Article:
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Thread: Halibut on a fly

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    Member AK Tubes's Avatar
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    Default Halibut on a fly

    Over memorial weekend, some friends and I went on a charter out of Seward. One friend caught about a 15-20 pound halibut on his fly rod (SAGE 12wt, 450gr sinktip, Tibor reel). Ever since then, I've been trying to find a record for such a catch. Does anyone know if an official record is out there? I don't expect his fish is close, but it'd be nice to have a number to shoot for.

    Anybody have any stories out there with halibut on a flyrod?

  2. #2

    Default What kind of weights did he use?

    Quote Originally Posted by AK Tubes View Post
    Over memorial weekend, some friends and I went on a charter out of Seward. One friend caught about a 15-20 pound halibut on his fly rod (SAGE 12wt, 450gr sinktip, Tibor reel). Ever since then, I've been trying to find a record for such a catch. Does anyone know if an official record is out there? I don't expect his fish is close, but it'd be nice to have a number to shoot for.

    Anybody have any stories out there with halibut on a flyrod?
    How did he get to the bottom?
    Hike faster. I hear banjo music.

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    Member Tight Lines's Avatar
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    Did the same thing in Yakutat about four years ago. Cheeted a little using a 9 wt rod, 30# mono, & 1/4 oz. weight about 3 feet above a large straemer fly. We were in about 80 feet of water at slack tide. Hooked a 40# halibut. Man was it a blast, took 35 min. to land & relaese.

    DD

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    Member AK Tubes's Avatar
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    Quote Originally Posted by wildog View Post
    How did he get to the bottom?
    He had a bad - &*% sink tip line. 450grains...whatever that means, I don't use weighted lines often. I think he said it was like 21 feet of sinking tip and whatever the 450grain part is, it's all packed in that 21ft. It was no problem. We were in about 160' of water and he was into his backing. I can't verify he was bouncing it off the ground, but he was down enough to entice the chickee to bite.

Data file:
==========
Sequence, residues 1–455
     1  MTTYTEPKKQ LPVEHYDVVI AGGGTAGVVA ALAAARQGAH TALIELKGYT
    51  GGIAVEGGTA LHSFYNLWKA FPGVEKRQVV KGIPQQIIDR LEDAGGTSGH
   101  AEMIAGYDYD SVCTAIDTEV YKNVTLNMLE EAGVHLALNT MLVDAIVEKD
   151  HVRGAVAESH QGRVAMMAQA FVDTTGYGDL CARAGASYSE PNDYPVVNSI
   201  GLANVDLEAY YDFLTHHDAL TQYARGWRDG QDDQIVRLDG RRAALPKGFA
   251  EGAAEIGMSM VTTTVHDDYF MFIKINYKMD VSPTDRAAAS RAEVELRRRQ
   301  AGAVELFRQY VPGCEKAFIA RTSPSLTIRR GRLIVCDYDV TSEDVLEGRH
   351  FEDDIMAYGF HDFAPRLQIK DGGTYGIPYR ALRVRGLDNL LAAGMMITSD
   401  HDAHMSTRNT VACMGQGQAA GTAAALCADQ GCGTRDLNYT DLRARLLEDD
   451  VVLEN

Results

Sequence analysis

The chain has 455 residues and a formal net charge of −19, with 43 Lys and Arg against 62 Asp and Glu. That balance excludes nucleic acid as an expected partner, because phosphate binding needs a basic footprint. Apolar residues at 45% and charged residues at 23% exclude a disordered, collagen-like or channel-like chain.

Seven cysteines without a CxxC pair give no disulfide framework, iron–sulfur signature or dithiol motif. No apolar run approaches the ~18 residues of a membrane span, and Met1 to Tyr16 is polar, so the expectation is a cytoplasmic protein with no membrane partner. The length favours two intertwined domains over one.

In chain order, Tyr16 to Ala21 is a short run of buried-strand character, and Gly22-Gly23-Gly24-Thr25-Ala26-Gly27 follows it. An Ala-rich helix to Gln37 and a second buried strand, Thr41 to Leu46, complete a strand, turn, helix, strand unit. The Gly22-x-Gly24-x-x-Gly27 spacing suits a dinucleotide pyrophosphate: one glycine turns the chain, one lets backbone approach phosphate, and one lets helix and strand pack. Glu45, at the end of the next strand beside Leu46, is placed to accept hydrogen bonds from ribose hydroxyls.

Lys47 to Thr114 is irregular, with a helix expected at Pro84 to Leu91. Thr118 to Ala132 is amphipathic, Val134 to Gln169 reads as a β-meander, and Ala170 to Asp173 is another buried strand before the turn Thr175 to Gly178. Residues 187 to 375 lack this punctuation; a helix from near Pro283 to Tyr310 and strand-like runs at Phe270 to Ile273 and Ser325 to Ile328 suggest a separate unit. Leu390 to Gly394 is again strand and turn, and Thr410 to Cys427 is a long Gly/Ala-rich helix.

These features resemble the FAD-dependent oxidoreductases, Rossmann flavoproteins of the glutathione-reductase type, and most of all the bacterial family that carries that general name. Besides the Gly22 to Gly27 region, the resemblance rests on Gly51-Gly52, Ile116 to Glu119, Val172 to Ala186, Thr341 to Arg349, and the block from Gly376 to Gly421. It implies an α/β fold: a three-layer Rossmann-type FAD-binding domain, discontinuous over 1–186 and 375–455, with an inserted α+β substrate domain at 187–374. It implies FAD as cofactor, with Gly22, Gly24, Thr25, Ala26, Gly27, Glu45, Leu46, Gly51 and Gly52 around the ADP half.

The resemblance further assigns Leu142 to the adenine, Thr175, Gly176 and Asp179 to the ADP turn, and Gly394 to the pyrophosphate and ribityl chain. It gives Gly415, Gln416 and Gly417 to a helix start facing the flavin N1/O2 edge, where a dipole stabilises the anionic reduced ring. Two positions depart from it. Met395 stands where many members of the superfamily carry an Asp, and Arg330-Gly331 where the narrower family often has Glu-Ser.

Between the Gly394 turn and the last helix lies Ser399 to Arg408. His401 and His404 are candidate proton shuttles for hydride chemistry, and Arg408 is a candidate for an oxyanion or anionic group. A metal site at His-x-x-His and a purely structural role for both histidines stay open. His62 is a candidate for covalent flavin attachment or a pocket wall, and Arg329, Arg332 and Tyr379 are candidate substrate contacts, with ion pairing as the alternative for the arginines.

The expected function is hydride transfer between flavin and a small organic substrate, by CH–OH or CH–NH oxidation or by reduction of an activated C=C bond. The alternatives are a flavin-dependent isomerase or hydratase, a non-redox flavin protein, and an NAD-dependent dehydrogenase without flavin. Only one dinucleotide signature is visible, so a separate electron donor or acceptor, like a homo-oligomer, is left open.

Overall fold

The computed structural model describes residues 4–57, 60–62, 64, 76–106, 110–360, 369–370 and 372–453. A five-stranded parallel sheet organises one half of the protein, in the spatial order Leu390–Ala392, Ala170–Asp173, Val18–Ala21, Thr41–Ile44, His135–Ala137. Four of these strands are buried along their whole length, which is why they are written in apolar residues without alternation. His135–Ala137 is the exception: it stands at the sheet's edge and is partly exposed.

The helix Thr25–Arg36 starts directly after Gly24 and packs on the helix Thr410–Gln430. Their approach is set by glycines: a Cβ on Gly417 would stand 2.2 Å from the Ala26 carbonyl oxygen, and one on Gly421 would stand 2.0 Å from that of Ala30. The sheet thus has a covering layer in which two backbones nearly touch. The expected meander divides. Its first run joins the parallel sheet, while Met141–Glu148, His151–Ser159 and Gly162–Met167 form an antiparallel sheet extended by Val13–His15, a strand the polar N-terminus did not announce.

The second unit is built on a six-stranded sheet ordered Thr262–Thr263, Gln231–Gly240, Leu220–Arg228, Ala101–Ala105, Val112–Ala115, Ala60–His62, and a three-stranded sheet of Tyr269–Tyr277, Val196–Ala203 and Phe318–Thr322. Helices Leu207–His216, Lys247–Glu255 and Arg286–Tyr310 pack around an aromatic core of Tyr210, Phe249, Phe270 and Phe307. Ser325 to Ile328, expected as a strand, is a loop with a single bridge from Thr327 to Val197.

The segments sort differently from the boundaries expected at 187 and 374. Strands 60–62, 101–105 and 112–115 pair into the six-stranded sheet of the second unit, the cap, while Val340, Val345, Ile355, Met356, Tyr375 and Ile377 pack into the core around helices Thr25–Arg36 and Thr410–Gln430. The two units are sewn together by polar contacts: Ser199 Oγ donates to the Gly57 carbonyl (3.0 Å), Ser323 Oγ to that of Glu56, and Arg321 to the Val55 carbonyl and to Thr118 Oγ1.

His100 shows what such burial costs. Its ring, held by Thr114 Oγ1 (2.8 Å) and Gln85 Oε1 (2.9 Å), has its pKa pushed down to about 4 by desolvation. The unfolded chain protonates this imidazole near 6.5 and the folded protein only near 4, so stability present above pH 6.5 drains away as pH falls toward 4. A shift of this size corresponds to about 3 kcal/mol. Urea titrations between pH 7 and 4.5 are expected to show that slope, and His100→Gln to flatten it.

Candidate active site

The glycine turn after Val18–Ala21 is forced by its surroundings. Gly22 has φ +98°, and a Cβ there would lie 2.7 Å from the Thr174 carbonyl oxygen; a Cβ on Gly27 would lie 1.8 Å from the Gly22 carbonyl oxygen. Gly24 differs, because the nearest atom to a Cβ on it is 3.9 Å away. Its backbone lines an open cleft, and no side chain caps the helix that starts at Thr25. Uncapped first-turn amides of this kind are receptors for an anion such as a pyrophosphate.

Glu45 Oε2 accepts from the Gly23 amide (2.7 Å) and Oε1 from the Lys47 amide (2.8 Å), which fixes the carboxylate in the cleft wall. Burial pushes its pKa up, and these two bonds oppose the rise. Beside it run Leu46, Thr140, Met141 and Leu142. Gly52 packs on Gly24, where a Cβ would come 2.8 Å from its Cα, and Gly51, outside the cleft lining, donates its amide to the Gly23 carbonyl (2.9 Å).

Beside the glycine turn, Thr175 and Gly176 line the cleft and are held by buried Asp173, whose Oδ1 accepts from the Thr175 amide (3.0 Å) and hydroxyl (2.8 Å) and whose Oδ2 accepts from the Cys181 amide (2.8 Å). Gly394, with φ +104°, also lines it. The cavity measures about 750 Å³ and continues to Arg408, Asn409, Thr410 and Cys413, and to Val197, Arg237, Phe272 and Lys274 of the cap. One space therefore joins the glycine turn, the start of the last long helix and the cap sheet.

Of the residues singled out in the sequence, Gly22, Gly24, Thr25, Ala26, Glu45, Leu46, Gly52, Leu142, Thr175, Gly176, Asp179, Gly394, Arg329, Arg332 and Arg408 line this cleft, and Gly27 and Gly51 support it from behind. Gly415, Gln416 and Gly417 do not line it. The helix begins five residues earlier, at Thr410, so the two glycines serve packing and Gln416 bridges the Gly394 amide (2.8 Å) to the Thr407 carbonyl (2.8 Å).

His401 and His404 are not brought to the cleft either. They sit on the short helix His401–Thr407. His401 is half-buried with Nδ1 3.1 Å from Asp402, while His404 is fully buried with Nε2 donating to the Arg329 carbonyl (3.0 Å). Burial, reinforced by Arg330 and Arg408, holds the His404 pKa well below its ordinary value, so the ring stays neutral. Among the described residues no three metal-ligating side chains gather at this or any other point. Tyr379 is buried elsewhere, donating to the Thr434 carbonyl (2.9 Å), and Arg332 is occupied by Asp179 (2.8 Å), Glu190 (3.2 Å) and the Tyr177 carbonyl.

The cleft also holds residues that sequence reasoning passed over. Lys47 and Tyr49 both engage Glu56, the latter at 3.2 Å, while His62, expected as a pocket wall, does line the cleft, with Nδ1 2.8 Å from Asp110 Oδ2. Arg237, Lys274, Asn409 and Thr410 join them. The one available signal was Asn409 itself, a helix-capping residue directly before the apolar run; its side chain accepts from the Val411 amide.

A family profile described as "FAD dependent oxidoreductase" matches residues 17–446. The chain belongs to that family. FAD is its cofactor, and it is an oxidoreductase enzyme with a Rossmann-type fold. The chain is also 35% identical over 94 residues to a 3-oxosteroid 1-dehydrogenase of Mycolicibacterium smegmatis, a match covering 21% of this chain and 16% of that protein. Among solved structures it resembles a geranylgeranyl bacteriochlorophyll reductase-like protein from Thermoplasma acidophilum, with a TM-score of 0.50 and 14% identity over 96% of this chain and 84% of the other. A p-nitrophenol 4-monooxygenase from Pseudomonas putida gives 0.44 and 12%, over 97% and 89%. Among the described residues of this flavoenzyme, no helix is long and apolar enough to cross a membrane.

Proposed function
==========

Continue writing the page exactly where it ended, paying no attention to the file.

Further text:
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    Member Rick P's Avatar
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    AK Tubes
    450 gr is the weight of the head of the line and they make heavier lines they where originally developed in Europe for trolling and can easily reach 100 ft plus depths.
    I haven't tried halibut on a fly yet but halibut from a kayak is a riot.
    Out of curiosity dose your handle refer to tube flys? (Also developed in Europe for trolling BTW.)

  6. #6
    Member AK Tubes's Avatar
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    Quote Originally Posted by Rick P View Post
    AK Tubes
    450 gr is the weight of the head of the line and they make heavier lines they where originally developed in Europe for trolling and can easily reach 100 ft plus depths.
    I haven't tried halibut on a fly yet but halibut from a kayak is a riot.
    Out of curiosity dose your handle refer to tube flys? (Also developed in Europe for trolling BTW.)
    Thanks Rick.
    No, my family has a cataraft, thus the "tubes" part of my handle.
    What's the biggest halibut you've landed in your kayak?
    ---------------------------------------------------------------
    Do people just not try for halibut on flys? I would have thought this thread would have at least spurred more ideas ...Imagine catching a ling or something? I'm gonna go get some more gear!